Bill Gates Backs Vaccine From Human Sweat

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Efforts to develop a vaccine triggered by human sweat, and to control mosquitoes using carnivorous plants, were among 78 science projects that won backing from the Bill & Melinda Gates Foundation on Tuesday.

The foundation, a $34 billion fund that is run by the multi-billionaire philanthropist Bill Gates and invests in scientific projects broadly aimed at improving global health, said each project would get a $100,000 grant for further study.

Other winning projects include developing a low-cost cell phone microscope to diagnose malaria, using ultrasound as a reversible male contraceptive, insecticide-treated scarves and using imaging systems to seek and destroy parasites with a targeted laser vaccine.

"We are convinced that some of these ideas will lead to innovations and eventually solutions that will save lives," Tachi Yamada, of the Gates Foundation's global health program, said in a statement.

The foundation said winners were from universities, research institutes and non-profit organizations in 18 countries around the world.

One group of scientists in Germany will use their grant to develop nanoparticles that penetrate the skin through hair follicles and burst on contact with human sweat to release vaccines.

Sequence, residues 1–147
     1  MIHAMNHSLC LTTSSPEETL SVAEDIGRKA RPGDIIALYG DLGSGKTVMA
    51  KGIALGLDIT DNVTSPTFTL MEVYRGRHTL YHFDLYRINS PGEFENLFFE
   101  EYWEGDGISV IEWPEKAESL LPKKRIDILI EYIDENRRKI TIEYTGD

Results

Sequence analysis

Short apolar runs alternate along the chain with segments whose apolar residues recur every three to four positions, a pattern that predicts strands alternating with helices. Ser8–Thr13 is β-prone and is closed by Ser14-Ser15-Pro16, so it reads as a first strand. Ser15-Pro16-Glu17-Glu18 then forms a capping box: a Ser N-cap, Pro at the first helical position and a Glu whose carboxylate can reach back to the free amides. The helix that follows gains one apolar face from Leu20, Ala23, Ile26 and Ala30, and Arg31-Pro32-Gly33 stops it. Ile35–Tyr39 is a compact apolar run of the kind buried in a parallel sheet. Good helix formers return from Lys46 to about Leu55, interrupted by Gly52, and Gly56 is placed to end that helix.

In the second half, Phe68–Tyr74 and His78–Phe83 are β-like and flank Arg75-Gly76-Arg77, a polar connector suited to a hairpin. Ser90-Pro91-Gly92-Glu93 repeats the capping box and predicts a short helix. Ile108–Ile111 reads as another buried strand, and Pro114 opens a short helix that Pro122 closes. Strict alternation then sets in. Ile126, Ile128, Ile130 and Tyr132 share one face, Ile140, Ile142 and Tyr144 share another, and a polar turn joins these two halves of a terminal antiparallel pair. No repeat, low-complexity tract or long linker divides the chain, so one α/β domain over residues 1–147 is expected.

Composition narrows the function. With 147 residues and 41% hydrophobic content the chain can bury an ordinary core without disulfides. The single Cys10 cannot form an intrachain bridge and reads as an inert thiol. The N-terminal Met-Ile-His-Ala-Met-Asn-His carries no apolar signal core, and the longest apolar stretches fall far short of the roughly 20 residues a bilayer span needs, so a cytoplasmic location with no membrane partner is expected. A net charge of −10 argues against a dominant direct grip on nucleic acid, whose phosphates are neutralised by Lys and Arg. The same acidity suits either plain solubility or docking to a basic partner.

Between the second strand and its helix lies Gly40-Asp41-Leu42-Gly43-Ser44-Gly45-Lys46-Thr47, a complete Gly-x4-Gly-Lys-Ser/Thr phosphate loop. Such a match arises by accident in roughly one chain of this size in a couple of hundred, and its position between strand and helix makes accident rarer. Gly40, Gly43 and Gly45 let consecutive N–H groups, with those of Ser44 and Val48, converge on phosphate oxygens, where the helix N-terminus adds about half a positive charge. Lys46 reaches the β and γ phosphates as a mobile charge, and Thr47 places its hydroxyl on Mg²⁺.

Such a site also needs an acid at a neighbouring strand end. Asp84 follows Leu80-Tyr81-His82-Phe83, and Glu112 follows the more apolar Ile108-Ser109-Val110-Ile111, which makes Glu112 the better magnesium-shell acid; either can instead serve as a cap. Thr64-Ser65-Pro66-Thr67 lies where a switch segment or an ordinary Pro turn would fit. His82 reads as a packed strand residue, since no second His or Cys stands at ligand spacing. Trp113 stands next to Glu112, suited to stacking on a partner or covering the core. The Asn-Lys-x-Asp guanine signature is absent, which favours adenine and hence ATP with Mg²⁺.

Grants will also help researchers investigate new ways to fight malaria: one team is trying to see whether treating traditional scarves worn by migrant workers along the Thai-Cambodia border with insecticide will reduce drug-resistant malaria; in Uganda, a team is testing the ability of insect-eating plants to reduce the number of malaria-transmitting mosquitoes.

Scientists in the United States will use the grant to study the ability of ultrasound to temporarily deplete testicular sperm counts for possible use as new male contraceptive.

The grants were awarded by the foundation's Grand Challenges Explorations scheme -- a five-year $100 million initiative which seeks to promote innovation in global health.

Gates, the world's richest man, is co-founder of Microsoft Corp and remains chairman of the company, although he focuses much of his attention on the foundation.

Since opening in 1994, the foundation has handed out more than $21 billion in grants.